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Coming Soon: In-Depth Summary Patient Advocacy Summit: Patient Concerns in 2014 – Big Data, Access, and Palliative Care

By Jessica DeMartino, PhD, Manager, Health Policy Programs

On November 3, 2014, the National Comprehensive Cancer Network® (NCCN®) held its 5th Annual Patient Advocacy Summit: Patient Concerns in 2014 – Big Data, Access, and Palliative Care at the National Press Club in Washington, DC. An in-depth summary of the Summit will be available on NCCN.org in the coming weeks.

From the plethora of data they encounter when making treatment decisions, to accessing and paying for cancer care, to palliative care, patients need resources to help them make appropriate care and financial decisions. Topics discussed at the Summit included the patient role and experience in big data collection and utilization, how patients are accessing and paying for drugs and biologics in the current political and regulatory environment, and an assortment of issues regarding palliative care.

The program began with a keynote address from Gabriel Eichler, PhD, PatientsLikeMe (PLM), a patient-powered research network. Dr. Eichler discussed the generation of insights from real-world patients experiences. Relatively new to the oncology space, PLM uses its Open Research Exchange platform to create patient-reported health outcome measurements.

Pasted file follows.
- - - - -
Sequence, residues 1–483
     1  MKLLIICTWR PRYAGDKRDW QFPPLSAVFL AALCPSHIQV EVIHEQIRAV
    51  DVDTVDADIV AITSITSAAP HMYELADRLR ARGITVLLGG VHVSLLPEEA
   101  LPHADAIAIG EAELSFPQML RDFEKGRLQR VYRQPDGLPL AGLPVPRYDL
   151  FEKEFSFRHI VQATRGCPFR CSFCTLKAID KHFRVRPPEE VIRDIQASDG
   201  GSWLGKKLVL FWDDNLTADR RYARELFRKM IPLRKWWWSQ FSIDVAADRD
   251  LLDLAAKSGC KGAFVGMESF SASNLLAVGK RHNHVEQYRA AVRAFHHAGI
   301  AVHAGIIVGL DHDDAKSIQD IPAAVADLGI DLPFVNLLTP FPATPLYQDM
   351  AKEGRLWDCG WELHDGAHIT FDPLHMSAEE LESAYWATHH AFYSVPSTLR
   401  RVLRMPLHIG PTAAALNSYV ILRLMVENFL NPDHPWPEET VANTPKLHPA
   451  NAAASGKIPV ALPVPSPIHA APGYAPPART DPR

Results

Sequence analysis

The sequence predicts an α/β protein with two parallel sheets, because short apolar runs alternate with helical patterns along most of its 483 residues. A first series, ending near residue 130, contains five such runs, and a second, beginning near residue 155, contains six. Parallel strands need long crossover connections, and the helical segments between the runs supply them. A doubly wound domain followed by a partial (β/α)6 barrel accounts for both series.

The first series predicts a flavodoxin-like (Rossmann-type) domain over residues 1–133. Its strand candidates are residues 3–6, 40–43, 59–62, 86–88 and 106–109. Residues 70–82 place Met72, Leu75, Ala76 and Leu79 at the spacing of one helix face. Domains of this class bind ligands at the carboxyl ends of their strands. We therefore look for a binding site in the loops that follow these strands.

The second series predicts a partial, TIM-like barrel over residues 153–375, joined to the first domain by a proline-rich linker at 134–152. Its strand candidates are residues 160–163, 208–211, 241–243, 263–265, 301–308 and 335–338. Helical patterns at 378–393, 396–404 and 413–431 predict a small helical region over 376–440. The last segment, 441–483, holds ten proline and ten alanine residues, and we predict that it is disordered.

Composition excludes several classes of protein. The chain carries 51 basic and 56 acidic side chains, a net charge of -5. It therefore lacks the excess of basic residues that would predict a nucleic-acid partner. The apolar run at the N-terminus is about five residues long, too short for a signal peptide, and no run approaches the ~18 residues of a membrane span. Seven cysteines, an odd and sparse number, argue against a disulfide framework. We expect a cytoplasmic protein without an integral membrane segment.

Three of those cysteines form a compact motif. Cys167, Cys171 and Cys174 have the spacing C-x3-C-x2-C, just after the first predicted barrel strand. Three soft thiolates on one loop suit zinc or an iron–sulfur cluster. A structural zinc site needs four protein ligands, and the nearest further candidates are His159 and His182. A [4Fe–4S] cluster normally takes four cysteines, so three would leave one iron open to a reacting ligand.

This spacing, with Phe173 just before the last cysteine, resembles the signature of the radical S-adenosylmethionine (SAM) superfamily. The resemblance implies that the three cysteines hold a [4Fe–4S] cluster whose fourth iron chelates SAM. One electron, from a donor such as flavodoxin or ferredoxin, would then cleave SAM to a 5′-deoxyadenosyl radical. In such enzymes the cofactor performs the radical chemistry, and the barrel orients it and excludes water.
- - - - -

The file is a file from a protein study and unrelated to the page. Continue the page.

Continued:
The Patient Advocacy Summit then featured three roundtable discussions moderated by Clifford Goodman, PhD, The Lewin Group. Daniel Auclair, PhD, the Multiple Myeloma Research Foundation, set the stage for discussion with a short presentation about big data from the patient advocacy perspective. Following his opening statements, Amy Abernethy, MD, PhD, Flatiron Health, Inc; Adrian Gropper, MD, Patient Privacy Rights; John Ioannidis, MD, Stanford University; David Purdie, PhD, Genentech; and Paul Wallace, MD, Optum Labs, joined Dr. Auclair to discuss Big Data and the Patient. The panel touched upon a variety of issues including data standards, advantages and downsides of big data, data quality, and the future of big data.

The second roundtable discussion, Addressing Patient Access Issues, was introduced by Dana Malick, American Cancer Society Cancer Action Network, and included Alan Balch, PhD, Patient Advocate Foundation; Tom Farrington, Prostate Health Education Network; Jax Ferguson, MBA, Eli Lilly; Michael Kolodziej, MD, Aetna; Laurel Todd, MBA, Biotechnology Industry Organization; and Ray Wezik, International Myeloma Foundation and the State’s Patient Equal Access Coalition (SPEAC). The panelists discussed the state of patient assistance programs, the lack of assistance for hospital costs, the difficulty in understanding insurance terminology and picking appropriate health insurance, and network adequacy, among other topics.

Palliative Care and the Patient, the third roundtable discussion, featured panelists Rebecca Kirch, JD, American Cancer Society; Michael Kolodziej, MD, Aetna; Shelley Fuld Nasso, National Coalition for Cancer Survivorship; Linda Sutton, MD, Duke Cancer Institute; and Jennifer Temel, MD, Dana-Farber/Brigham and Women’s Cancer Center|Massachusetts General Hospital Cancer Center. Dr. Sutton set the stage for discussion by first covering the basics of palliative care. The panel discussed Dr. Temel’s research around palliative care, appropriate access to opioids for pain management, and payment and reimbursement for advanced care planning and palliative care.

An in-depth summary of the NCCN Patient Advocacy Summit will be available in the coming weeks.

For more information about the NCCN Policy Summits, visit NCCN.org.